By Shea Hennum
In 1990 brothers Bruno and Sylvain Ricard traveled from France to Beirut, Lebanon, a country, which at the time was in the throes of a terrible internal conflict. They traveled to Lebanon via Cyprus to serve as aid workers, almost on a lark. And even though the brothers were unable to find a position with the Red Cross, they remained in Beirut, living in and around the city for nearly a month, seeing the locals and experiencing a conflict they knew very little about from a very intimate perspective. They eventually ran out of money and were forced to return to France and resume their daily lives. Their trip was short, but they experienced a lot of singularly harrowing, touching, and bizarre aspects of life during wartime. Years later, Sylvain, now a writer of comics, collaborated with his brother Bruno and lauded artist Christophe Gaultier to tell the story of their time in Lebanon.
Originally published in France in 2004 under the title Clichés Beirut in 1990, and only recently appearing in English thanks to Humanoids, Beirut 1990: Snapshots of a Civil War has more in common with a travelogue than a conventional journalistic comic. There’s no structured narrative, no real beginning, middle, and end where things are tied up neatly. There are prologues and epilogues to cap off the story, to provide some sort of introduction and resolution, but no real recognizable structure. The ebb and flow of the story is reminiscent of Harvey Pekar’s writing, with abrupt endings, emphasis on character over plot, and stories that don’t have conclusions. And the idea that we follow the brothers works well to ingratiate us, the reader, into Lebanese life. We begin the stories as the brothers, outsiders, but as they grow into Lebanon and the things once weird become normal, we feel the same. The violence once terrifying becomes background noise, allowing us to focus on the people and not the conflict. This transition from Kafkaesque surrealism to normalized banality is only possible because of artist Christophe Gaultier.
The linework of Gaultier resembles Eddie Campbell’s sketchy, raw style with a lighter, more comedic bent. At first I thought it was a bizarre choice for the subject matter, but after thinking about it more, Gaultier’s work on the book is a big reason it works so well. It creates levity, lightening the tension, and allowing the reader to see the citizens of Lebanon like the Ricards see them: similar souls, not Others, who stand at the center of a devastating conflict. We are able to connect with them, see them as ourselves, to think of them as people like us who just want to wake up in the morning, make some coffee, and see the kids off to school without having to worry about a bomb falling on our heads. Seeing ourselves in the citizens of this foreign land is integral to what the comic is trying to communicate: some human emotions, feelings, wants, and desires are universal, something we occasionally allow to be overshadowed by cultural differences. We say, “They practice a different religion.” Or, “They eat weird food,” “They speak a different language,” and, “They don’t look like me.” This becomes a stumbling block that keeps us from remembering that there are cultural universals, things innate in the human experience. Gaultier’s simple, stylized art humanizes the Other, breaks down the barriers that separate the subject from the reader, allowing us to connect and empathize.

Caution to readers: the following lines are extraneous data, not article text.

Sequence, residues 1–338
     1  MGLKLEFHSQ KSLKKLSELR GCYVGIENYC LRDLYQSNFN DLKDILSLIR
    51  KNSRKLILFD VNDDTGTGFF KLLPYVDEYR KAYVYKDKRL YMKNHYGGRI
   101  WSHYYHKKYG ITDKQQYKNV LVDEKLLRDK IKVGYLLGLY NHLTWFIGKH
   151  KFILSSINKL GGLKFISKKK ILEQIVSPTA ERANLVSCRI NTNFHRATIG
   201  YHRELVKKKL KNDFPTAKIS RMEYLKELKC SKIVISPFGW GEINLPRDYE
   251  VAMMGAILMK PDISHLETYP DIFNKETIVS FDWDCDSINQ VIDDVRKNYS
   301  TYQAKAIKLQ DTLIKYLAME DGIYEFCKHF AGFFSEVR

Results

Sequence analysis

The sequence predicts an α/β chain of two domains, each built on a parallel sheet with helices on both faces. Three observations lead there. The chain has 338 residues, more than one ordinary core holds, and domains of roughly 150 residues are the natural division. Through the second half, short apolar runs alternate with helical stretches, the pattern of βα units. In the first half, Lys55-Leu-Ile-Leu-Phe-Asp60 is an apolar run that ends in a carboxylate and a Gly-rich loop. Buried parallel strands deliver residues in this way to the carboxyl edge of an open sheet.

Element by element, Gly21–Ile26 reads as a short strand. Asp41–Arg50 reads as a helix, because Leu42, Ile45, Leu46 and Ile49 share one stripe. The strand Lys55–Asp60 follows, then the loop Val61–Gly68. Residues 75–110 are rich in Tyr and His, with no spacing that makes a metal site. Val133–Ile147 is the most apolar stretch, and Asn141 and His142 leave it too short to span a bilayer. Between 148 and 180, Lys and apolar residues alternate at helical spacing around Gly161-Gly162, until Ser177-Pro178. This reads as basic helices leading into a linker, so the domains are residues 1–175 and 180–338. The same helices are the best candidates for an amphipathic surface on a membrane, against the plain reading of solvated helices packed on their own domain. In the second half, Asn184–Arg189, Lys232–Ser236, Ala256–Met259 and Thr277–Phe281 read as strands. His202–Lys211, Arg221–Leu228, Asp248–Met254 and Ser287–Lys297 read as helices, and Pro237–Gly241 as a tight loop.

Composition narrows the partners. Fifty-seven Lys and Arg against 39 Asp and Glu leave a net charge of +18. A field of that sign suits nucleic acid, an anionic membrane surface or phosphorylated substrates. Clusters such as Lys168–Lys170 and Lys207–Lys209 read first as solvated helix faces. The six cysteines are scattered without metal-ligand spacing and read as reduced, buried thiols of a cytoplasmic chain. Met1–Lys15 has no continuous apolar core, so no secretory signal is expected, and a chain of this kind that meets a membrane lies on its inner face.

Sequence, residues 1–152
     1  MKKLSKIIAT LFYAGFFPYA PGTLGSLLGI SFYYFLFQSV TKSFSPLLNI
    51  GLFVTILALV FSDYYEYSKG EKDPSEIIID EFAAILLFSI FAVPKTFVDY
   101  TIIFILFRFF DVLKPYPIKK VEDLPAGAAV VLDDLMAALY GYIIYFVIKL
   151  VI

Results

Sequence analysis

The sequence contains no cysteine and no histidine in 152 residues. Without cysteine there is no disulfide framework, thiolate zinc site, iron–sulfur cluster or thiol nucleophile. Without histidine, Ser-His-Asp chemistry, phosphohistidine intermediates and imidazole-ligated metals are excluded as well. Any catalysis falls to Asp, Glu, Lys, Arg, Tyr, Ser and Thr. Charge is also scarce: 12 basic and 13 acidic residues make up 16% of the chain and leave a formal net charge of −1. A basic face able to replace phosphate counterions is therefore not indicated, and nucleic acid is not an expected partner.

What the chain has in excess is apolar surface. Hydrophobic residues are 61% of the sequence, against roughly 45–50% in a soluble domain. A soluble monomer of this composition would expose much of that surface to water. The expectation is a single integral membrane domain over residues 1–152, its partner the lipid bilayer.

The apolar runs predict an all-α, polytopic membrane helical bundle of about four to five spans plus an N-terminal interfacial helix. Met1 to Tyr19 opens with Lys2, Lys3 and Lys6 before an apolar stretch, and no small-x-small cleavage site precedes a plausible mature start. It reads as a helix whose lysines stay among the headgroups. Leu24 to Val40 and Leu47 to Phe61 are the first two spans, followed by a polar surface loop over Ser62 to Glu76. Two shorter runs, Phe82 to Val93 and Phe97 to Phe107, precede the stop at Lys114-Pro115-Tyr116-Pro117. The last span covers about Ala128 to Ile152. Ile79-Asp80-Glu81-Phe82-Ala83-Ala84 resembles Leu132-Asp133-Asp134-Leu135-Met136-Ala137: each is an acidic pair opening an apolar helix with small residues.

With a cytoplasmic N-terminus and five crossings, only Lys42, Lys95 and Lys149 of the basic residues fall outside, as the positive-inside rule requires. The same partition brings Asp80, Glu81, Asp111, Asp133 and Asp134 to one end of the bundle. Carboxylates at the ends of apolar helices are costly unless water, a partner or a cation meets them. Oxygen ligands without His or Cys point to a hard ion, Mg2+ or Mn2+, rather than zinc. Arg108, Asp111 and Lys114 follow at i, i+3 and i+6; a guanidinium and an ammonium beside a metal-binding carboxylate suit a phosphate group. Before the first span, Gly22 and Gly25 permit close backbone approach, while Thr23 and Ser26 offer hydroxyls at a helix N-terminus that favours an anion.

This establishment of an emotional connection allows us to be taught, to be informed. Typically used as a pejorative, “infotainment” is a perfect descriptor for Beirut 1990. It alternates between scenes of the brothers sitting on a roof, smoking, worrying about money, to large chunks of text that cap off each chapter, discussing the theology-fronted militarized politics of Lebanon and how ignorant the brothers were before they came here, how wrongheaded and one-sided Western coverage of events had been.
Beirut 1990 is a singularly touching and informative work that informs without lacking humor and without ever talking down or pontificating. As understated as it is well-made, Beirut 1990 is exceptional in a unique and rarefied way.